The Australian Government requires businesses to provide a minimum level of superannuation to help employees save for retirement. At Hostplus we’ve got everything you need to help you meet your super responsibilities and obligations.
Understanding your legal obligations as an employer is an important part of running a business. When it comes to paying employees’ super, employers need to abide by the requirements set out by the Superannuation Guarantee (Administration) Act 1992. As a registered Hostplus employer, we’ll help you stay on top of what you need to know and do, so you can continue to grow your business.
Make super contributions
As an employer you are legally required to make Superannuation Guarantee (SG) contributions on behalf of employees who are:
Provide Tax File Numbers (TFNs)
If your employee gives you their tax file number (TFN) you must provide this to Hostplus when you begin to make your SG contributions. Failing to provide an employee’s TFN may result in a fine of up to $1, 800 from the ATO.
In addition to the 15% tax on employer contributions, employees without a TFN attached to their super are taxed at an additional rate of 30% (plus Medicare levy and the temporary 2% Budget Repair Levy2) on ‘No TFN’ contributions paid into the fund on their behalf.
Furthermore, without a TFN, personal contributions made to the fund by the employee are unable to be accepted. Be super smart and include your employees’ TFNs today.
How much super to pay
The current SG law requires you to pay a minimum of 9.5%3 of an employee’s ordinary time earnings (OTE) (based on figures for the 2015-16 financial year). For most employees, this simply means their normal working hours (excluding overtime).
For more information contact us or the ATO.
When to pay
Current superannuation legislation contributions to be paid on a quarterly basis. However, employers may also choose to pay monthly or fortnightly. When you've decided on the easiest way to pay all you need to do is ensure you meet your payment deadline.
|Financial year quarters||Payment period dates||Hostplus due date||Australian Tax Office (ATO) legislative due date||Late payment - SG Charge due date|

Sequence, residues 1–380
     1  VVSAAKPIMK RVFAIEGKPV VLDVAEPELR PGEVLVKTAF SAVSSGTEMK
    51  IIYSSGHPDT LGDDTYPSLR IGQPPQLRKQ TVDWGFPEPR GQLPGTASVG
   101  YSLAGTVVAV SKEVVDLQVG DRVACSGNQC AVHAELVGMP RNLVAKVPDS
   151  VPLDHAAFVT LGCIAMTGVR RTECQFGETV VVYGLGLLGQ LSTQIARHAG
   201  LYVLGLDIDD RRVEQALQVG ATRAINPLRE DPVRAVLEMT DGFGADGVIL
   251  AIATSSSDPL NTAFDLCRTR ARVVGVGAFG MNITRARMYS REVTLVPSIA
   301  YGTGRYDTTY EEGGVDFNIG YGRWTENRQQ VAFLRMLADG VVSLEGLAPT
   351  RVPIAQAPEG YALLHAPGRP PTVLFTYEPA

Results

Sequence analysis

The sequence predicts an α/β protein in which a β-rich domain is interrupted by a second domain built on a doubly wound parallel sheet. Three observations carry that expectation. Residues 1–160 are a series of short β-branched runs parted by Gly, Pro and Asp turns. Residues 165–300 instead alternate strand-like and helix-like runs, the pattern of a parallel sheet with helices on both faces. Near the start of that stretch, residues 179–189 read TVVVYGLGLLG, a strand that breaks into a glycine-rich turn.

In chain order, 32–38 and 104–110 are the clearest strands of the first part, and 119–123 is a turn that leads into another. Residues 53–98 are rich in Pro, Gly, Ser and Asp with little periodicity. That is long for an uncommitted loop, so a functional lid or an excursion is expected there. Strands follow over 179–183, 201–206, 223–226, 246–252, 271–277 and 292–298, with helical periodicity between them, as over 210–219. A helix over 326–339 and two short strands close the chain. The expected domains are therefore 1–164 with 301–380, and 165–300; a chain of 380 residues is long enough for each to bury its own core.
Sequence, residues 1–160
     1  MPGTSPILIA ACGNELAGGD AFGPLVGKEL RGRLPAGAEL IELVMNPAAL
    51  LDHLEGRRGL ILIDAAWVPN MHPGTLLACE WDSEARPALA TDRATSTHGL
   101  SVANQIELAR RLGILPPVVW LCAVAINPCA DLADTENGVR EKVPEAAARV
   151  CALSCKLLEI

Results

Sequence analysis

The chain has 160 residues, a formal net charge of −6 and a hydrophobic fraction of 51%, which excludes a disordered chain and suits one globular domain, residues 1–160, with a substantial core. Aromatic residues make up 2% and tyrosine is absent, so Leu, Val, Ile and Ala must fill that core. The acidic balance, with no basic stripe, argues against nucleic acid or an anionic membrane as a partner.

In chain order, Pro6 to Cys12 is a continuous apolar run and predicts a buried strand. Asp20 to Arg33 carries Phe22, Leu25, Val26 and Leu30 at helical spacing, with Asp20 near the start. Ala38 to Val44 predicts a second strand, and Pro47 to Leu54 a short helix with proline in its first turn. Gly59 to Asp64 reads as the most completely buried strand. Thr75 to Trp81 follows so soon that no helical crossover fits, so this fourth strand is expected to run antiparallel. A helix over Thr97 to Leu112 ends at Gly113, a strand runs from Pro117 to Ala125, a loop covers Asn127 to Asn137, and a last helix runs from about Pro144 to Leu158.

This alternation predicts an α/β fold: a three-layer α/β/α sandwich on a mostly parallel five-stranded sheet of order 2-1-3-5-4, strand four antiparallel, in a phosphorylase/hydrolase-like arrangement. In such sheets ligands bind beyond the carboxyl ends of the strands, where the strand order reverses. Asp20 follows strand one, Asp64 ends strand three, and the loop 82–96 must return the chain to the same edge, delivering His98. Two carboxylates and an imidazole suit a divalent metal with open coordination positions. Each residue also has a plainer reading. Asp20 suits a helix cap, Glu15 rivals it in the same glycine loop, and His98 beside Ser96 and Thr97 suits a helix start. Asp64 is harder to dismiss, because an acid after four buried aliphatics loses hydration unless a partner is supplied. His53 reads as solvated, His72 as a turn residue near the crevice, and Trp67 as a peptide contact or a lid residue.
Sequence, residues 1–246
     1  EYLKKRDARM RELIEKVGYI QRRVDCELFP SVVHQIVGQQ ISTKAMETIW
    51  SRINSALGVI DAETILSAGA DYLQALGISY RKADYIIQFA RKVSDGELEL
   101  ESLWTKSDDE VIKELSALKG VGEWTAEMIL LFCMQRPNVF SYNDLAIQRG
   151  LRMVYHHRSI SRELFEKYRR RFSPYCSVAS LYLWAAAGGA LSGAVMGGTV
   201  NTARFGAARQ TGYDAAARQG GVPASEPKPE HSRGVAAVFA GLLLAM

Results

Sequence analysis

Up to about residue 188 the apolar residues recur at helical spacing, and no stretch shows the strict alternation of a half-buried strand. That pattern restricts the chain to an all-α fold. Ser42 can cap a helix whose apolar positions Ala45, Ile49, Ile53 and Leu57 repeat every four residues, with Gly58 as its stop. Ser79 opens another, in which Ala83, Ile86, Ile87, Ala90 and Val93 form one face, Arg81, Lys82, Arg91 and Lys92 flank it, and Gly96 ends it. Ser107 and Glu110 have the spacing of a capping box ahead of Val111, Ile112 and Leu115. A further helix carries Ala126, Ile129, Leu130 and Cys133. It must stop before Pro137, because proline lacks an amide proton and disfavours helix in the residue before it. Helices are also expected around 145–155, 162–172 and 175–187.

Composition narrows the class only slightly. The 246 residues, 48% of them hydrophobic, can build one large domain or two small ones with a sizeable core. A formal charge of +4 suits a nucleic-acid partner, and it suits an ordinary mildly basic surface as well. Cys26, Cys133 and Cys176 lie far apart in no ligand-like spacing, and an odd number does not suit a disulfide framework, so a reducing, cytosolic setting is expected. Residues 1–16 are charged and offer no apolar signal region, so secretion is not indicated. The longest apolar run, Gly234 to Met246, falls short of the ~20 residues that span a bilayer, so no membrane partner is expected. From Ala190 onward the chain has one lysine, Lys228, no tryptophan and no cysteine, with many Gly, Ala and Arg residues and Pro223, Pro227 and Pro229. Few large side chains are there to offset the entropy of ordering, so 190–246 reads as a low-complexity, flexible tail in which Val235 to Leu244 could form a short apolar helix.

|Quarter 1||1 July to 30 September||14 October||28 October||28 November|
|Quarter 2||1 October to 31 December||14 January||28 January||28 February|
|Quarter 3||1 January to 31 March||14 April||28 April||28 May|
|Quarter 4||1 April to 30 June||14 July||28 July||28 August|
If you don’t need to make a payment (i.e. you have no eligible employees during a particular period), contact us to let us know. We’ll add a note to your account so we know not to expect your payment for that period.
Suspending your payments
If your business is seasonal, or you’re taking a break and not keeping any employees, you can suspend your employer account for up to 12 months. If you get back up and running at any time during the 12 months, just submit your payment and contact us to reactivate your account. After 12 months your suspended account will reactivate automatically.
How to close your account
If you've sold your business, closed down or no longer have employees, you can contact us to permanently ‘cease’ or close your account. If you’d like to make payments to Hostplus again in the future, you’ll need to re-join.
1 Pursuant to clause 28.2 ‘Employer Contributions’ of the Hospitality Industry (General) Award 2010 dated 18 June 2015.
2 A 2% temporary budget repair levy is payable until 2016-17 financial year on income over $180,000.
3 The Superannuation Guarantee contribution percentage
4 Rates are scheduled to gradually increase to 12% by 30 June 2026.